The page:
China’s services sector grew at its quickest pace in five months in November thanks to an uptick in new orders, a private survey released yesterday showed.

The Caixin/Markit services purchasing managers’ index rose to 53.8 in November from 50.8 in October, well above the 50.0 mark separating growth from contraction.

The bounce off the 13-month low in October suggests pockets of strength in domestic demand in a sector that accounts for more than half of China’s gross domestic product and urban jobs.

A sustained improvement in the vast services industry would help steady an economy that has wobbled amid trade frictions with the United States, a manufacturing slowdown at home and a cooler real estate market. The subindex for new business in China’s services sector rose to 52.5 in November, also a five-month high, from 50.1 in October, although the rate of growth was modest and within recent ranges.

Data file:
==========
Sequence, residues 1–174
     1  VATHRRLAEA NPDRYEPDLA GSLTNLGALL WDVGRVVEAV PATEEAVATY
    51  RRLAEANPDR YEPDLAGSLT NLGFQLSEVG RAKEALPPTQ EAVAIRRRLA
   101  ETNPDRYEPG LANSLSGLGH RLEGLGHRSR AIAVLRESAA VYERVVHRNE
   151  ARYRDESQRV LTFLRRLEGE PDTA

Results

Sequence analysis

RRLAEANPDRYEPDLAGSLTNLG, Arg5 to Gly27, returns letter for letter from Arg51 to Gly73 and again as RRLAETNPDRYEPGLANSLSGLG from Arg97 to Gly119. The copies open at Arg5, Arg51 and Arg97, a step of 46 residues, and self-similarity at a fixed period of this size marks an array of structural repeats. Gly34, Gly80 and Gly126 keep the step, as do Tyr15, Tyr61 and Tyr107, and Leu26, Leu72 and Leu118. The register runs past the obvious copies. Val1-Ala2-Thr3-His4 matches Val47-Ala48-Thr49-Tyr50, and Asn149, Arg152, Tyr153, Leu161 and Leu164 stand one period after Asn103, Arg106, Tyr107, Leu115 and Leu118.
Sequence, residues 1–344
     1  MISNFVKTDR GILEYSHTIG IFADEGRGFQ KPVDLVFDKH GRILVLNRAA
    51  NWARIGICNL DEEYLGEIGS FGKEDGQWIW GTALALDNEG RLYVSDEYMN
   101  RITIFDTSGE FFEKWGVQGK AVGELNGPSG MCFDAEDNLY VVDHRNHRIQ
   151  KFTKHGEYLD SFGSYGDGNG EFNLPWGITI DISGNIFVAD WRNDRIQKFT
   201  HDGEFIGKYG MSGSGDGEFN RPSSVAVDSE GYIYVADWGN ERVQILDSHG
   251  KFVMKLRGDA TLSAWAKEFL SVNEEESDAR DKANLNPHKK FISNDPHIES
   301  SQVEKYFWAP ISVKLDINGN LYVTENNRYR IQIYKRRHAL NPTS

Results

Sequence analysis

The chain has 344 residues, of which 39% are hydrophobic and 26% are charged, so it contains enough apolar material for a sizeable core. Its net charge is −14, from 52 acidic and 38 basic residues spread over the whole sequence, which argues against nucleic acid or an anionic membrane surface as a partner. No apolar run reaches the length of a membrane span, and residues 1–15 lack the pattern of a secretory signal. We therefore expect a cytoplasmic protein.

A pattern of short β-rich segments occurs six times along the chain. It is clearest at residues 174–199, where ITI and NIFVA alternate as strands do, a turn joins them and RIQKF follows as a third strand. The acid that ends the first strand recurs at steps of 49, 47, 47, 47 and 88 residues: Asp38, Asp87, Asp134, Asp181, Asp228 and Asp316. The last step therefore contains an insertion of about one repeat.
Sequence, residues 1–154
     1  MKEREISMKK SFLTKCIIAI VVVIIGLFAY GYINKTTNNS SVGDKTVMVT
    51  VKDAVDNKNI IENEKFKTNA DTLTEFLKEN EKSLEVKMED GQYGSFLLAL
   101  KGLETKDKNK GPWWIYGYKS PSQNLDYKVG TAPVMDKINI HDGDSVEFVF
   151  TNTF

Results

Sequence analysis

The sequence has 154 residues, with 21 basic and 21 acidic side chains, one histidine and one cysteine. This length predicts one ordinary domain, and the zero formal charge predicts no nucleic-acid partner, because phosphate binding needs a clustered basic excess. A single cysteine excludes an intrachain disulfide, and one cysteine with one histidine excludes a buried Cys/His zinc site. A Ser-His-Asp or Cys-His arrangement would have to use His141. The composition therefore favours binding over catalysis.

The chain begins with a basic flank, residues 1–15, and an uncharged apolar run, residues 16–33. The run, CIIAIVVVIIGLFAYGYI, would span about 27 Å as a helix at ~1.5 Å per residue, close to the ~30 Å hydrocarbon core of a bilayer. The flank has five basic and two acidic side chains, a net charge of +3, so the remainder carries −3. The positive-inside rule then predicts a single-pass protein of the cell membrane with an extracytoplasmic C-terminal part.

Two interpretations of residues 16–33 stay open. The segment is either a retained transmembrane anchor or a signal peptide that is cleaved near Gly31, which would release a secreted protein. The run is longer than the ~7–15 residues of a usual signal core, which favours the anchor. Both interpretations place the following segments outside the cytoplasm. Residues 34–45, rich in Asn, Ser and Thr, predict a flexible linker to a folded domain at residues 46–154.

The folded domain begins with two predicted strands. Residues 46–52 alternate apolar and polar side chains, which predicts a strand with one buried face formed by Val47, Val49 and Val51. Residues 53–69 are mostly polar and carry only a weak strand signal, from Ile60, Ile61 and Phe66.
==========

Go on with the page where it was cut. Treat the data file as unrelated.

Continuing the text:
Firms also increased their staffing in November, but at a more gradual pace than a month earlier. The subindex for employment was at 50.7 versus 51.1 in October.

While employment in the sector has expanded for 27 months, with the exception of a slight dip in September this year, the growth has been shallower than the historical average.

Operating expenses continued to rise in November, with a number of firms citing higher raw material prices and fuel costs, according to the Caixin survey. The subindex for input prices stood at 53.3, unchanged from October.

Despite the upward pressure on input costs, companies raised their prices only marginally, with some firms saying they had to stay competitive.

The intense competition and uncertain outlook on client demand hit business sentiment, with the confidence gauge toward the next 12 months slipping to a four-month low of 56.1.

Caixin’s composite manufacturing and services PMI, rose to 51.9 in November from 50.5 in October, although the growth rate was relatively marginal compared with previous months.

China’s factory activity grew slightly in November, mainly propped up by manufacturers cutting prices.



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